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  1. #1
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    Replacing bearing issue in Motolite

    I am in the process of replacing the bearings in my Motolite. The old ones were not destroyed but starting to feel notchy when I took them out.

    I have tried pressing in new bearings for the main pivot and every time I get the inner one all the way in, it does not want to move. It's like the bearing seizes in place, almost as if the bore of the hole in the frame is too small and compressing the bearing or something.

    I should have taken it as a warning when the main pivot bolt needed to be hammered out. The question is, is this normal (for the inner bearing to be extremely tight and unable to spin by hand (which I can't imagine) or is the frame defective in some manner (not drilled out sufficiently or something like that). The reason I am connecting dots is because the main pivot bolt should be tight but I doubt I am supposed to hammer it through with that much force.

    I've tried various combinations of pressing the inner bearing in, pressing the inner bearing in most of the way then beginning to press the outer bearing in, pressing all 4 bearings in (with compression sleeve) and assembling the bike to see how it operates, but nothing is making those inner bearings turn the way I think they should. They will turn with effort with the pivot bolt hammered through but my concern is that (aside from the stiction in the pivot when operating like this) it is going to wear a groove and eventually break the pivot bolt.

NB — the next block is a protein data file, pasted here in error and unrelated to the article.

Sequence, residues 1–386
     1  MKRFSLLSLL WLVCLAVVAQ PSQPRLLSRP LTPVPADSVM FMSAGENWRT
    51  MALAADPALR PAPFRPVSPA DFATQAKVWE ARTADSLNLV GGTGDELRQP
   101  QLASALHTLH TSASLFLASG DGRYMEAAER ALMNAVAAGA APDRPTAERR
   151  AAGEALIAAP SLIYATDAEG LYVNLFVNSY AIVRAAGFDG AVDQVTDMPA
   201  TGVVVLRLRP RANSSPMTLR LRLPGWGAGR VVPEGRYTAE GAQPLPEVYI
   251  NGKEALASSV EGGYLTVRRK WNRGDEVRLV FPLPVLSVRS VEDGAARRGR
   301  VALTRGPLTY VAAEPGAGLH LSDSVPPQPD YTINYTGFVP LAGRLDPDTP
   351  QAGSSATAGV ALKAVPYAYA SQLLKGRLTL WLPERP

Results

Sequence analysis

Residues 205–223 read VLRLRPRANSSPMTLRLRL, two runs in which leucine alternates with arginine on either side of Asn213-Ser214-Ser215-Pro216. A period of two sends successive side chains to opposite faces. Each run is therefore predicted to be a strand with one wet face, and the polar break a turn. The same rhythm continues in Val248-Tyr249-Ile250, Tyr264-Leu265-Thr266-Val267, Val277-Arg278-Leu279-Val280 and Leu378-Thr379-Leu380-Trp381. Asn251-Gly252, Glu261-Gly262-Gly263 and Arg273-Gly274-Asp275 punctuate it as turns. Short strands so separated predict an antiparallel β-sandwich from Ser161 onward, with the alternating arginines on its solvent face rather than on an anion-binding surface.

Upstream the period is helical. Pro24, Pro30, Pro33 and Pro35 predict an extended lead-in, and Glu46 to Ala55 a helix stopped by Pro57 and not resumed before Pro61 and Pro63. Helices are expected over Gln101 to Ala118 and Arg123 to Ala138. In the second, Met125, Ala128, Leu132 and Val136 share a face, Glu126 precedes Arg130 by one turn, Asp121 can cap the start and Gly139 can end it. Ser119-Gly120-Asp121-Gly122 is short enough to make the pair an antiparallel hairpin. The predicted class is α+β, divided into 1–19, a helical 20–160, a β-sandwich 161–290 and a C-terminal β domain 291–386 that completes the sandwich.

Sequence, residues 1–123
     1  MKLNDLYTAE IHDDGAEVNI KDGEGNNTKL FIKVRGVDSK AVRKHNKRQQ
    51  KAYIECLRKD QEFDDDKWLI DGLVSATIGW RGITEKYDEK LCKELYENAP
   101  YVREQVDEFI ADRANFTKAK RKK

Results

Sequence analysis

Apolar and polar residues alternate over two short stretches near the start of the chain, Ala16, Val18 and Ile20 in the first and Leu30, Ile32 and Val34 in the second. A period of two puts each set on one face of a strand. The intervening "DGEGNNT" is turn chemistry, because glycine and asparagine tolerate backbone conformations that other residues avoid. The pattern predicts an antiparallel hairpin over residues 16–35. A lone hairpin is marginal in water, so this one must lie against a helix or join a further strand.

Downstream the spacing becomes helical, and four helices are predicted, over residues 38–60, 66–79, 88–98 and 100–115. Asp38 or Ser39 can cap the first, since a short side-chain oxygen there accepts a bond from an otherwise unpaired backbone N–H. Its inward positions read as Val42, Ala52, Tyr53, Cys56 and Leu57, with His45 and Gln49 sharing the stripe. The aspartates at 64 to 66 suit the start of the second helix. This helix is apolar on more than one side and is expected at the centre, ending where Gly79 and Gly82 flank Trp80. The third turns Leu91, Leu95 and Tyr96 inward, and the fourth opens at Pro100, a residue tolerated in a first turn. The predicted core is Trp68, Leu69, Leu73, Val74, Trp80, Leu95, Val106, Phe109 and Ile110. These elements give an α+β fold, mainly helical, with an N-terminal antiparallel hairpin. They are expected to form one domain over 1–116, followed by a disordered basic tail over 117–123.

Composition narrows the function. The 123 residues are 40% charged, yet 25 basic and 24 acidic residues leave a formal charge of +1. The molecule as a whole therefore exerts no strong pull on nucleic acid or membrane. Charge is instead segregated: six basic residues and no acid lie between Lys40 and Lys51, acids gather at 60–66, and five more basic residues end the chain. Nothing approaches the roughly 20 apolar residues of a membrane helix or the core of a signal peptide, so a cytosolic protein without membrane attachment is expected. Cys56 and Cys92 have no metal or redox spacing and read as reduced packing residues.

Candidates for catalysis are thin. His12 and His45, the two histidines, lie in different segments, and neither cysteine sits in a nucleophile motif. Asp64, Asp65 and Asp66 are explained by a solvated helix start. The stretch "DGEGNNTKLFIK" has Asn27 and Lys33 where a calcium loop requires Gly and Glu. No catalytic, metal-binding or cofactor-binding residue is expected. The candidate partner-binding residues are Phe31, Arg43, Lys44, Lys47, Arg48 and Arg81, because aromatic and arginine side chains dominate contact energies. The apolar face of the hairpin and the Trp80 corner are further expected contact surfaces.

When assembled, the inner bearings won't spin by hand but the outer bearings operate normally, and the inner bearings spin freely until they start moving into position on the inside of the frame... almost as if the bore in the frame is tapering in or something, causing a binding in the bearing.

    Thanks for any advice or experience.

  2. #2
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    I didn't experience that with mine. I replaced them only one time though. I hate to say it but maybe try sanding out the inside where you think it may be out of spec. Just a mm shaved off over the entire circumference may make a difference. Gotta be sure you keep the bore perfectly round and don't go too far.

    If I were doing this I might try very fine paper and only moving in one direction, full circles all the way around the pivot bore.

    Your other option is to use a dremmel and p

  3. #3
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    I didn't experience that with mine. I replaced them only one time though.

    I hate to say it but maybe try sanding out the inside where you think it may be out of spec. Just a mm shaved off over the entire circumference may make a difference. Gotta be sure you keep the bore perfectly round and don't go too far.

    If I were doing this I might try very fine paper and only moving in one direction, full circles all the way around the pivot bore.

    Your other option is to use a dremmel and polishing compound and see if you cannot remove any material that way.

  4. #4
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    I've used a "heat gun" (paint removal device) to CAREFULLY heat up the bore to make the brgs go in easier. If you heat it just past the point where it's comfortable to touch, it hasn't hurt the Al any. You have to move fast since the heat dissipates quickly.
    whatever...

  5. #5